Israeli company develops bio-organic LED displays to compete with OLEDs

StoreDot is an Israeli startup company that was established in 2011 to develop and commercialize new peptide-based technology originally discovered in Tel Aviv University. Storedot's technology allows them to synthesize new nano materials ("inspired by nature") that can be used in a wide variety of application - displays, batteries, memory and more.

StoreDot invited me for a visit in their offices (thanks guys!) to learn more about the company and the technology. The company's display technologies may compete and complement OLED panels, so this should be an interesting company to watch.

So a peptide is made from short chains of amino acid monomers, or a simple protein. The major IP of StoreDot is a process which stops the peptides from self-assemble into large nanotube structures. Using their process, the peptides assemble into small structures. StoreDot then combines them with proprietary compounds which turn them into a quantum-dot like material (StoreDot calls them NanoDots). But StoreDot's NanoDots are organic and metal free, and also smaller than any other kind of quantum dot.

The company originally aimed to develop a memory device based on these NanoDots (hence the StoreDot name), but following a large investment (over $6 million) in which a large Asian display maker participated, the company changed their focus to displays. Nanodots, like quantum dots can emit light using two mechanisms - photo-luminescence and electro-luminescence.

Photo-luminescence means that this material emits light when it being hit by photons (i.e. it is being lit upon). Phosphorescence for example is a type of photo-luminescence. The idea is that the quantum dots change the wavelength of the light (upscale it). This kind of effect is the one used by several companies today to create a QD film that turns a blue LED light into red and green light and thus creates a "better white" color which enhances the color gamut of LCDs. Sony now has several TVs and small LCD panels on the market that employ QDVision's QD films. StoreDot's technology can be used to create such films, but actually that's not the focus of the company, even though they believe they could have such a product ready within a couple of years. The images and video you see in this article are showing StoreDot's compounds' photo-luminescence in action.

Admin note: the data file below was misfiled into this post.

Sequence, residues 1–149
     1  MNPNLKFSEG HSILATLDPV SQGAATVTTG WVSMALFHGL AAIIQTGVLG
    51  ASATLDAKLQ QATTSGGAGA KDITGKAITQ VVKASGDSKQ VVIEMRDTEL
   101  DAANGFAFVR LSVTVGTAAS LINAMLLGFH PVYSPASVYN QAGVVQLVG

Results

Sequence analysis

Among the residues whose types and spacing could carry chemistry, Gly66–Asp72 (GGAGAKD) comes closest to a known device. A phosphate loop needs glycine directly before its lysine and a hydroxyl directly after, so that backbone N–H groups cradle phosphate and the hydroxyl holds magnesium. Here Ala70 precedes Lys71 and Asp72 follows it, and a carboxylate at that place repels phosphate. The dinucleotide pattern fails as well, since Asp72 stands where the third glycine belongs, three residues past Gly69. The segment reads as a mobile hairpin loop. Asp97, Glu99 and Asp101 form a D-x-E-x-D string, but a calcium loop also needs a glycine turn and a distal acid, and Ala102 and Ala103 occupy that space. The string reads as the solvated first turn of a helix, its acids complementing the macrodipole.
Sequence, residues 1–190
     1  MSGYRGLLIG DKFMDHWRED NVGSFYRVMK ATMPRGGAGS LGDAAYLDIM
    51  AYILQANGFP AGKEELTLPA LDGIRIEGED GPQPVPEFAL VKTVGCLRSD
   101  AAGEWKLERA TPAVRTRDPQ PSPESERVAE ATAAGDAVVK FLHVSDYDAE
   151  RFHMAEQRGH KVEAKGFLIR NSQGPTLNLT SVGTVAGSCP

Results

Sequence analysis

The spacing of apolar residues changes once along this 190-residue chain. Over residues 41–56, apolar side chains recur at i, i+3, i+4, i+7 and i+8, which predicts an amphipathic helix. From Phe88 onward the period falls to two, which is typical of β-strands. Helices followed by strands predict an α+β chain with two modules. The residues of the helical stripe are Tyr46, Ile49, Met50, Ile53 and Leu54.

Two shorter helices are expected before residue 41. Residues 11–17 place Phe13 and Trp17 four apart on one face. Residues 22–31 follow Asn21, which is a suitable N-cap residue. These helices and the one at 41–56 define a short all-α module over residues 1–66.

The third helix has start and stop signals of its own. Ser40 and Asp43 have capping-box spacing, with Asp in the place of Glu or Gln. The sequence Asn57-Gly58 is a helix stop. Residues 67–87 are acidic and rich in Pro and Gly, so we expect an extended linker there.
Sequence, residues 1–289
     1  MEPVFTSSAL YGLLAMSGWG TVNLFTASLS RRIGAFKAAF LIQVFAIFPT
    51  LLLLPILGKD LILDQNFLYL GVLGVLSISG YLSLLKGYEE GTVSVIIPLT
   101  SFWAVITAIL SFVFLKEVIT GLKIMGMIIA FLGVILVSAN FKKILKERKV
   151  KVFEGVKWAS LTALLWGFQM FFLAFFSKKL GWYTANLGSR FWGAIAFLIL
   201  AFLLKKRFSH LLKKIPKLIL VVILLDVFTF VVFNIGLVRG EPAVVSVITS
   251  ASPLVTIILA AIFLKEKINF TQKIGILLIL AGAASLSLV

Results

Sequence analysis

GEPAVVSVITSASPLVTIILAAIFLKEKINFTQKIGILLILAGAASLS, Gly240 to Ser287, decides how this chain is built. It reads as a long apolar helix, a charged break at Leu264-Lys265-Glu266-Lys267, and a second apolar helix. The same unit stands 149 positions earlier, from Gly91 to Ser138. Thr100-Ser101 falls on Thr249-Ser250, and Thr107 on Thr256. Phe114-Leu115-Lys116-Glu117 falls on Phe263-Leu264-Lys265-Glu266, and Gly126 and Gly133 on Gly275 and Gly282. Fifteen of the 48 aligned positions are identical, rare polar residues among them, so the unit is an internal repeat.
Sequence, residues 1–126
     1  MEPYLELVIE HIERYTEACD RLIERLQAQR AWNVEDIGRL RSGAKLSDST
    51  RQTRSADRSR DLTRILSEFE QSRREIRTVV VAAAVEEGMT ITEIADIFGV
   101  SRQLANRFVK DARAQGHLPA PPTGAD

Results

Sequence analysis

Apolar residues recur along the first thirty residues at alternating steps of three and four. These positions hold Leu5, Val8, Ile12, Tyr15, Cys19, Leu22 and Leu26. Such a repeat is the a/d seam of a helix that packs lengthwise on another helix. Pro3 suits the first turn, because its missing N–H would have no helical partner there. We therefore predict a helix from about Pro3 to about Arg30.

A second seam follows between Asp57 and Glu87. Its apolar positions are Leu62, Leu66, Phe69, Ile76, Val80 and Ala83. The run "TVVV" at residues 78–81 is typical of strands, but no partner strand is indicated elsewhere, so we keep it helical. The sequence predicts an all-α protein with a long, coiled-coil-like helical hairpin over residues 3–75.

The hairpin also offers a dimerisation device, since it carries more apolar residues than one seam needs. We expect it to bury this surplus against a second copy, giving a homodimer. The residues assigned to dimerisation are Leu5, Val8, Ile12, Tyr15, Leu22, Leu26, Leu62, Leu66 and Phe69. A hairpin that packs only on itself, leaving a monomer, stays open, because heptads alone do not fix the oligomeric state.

The company is currently developing a new NanoDot based display that uses NanoDot's electro-luminescence property. Here the materials emit light when electricity is applied - similarly to OLED emitters. In fact you can basically replace the organic emitter in an OLED display with StoreDot's peptide compounds that emit light when electricity is applied. They term this technology BiO-LED or Bio-Organic LED.

StoreDot says that a BiO-LED emitter has three main advantages over current OLED emitters. First of all, it is very easy to process. In fact StoreDot says that their compounds can be evaporated, they can be put into a solution (patterned using ink-jet printing, for example) and they can also be chained to polymers and be processed using micro-electronics production technologies (for example photo-lithography).

StoreDot's compounds are quite stable and a BiO-LED display will offer tens of thousand of hours of lifetime, although they do not have exact measurements yet. In addition to being environmentally green, the biggest advantage of these materials is that they do not oxidize. Unlike OLEDs, they are not sensitive to the environment, and StoreDot showed me some sample films in their office made a couple of months ago which are still working - without any encapsulation at all. They have various methods to deposit the materials, and they say that the deposition process basically includes a simple "encapsulation" which is enough. OLEDs are very sensitive to oxygen and water, and encapsulation is one of the biggest challenges towards flexible OLED displays, so this may be a great advantage over OLEDs.

The final advantage of BiO-LED displays are that the materials are readily available and are very cheap. They are using compounds and peptides widely used in other applications today and have a "secret recipe" of how to synthesize them.

Of course this is early stage technology. StoreDot hopes to produce a simple BiO-LED flexible display prototype by the end of 2014 and they believe that if all goes well, a BiO-LED display might be commercialized in 2017 or so.

The company is also working on a battery prototype. This is actually a hybrid supercapacitor in which both electrodes are coated with NanoDots and also the electrolyte is NanoDot-enriched. According to initial experiments, this enhances the capacitor's density and charging speed. As I understand this, the battery technology is at a very early stage though, and the company is yet to even produce early prototypes.

I hope we'll hear more from StoreDot soon. Good luck guys!

Posted: Oct 30,2013 by Ron Mertens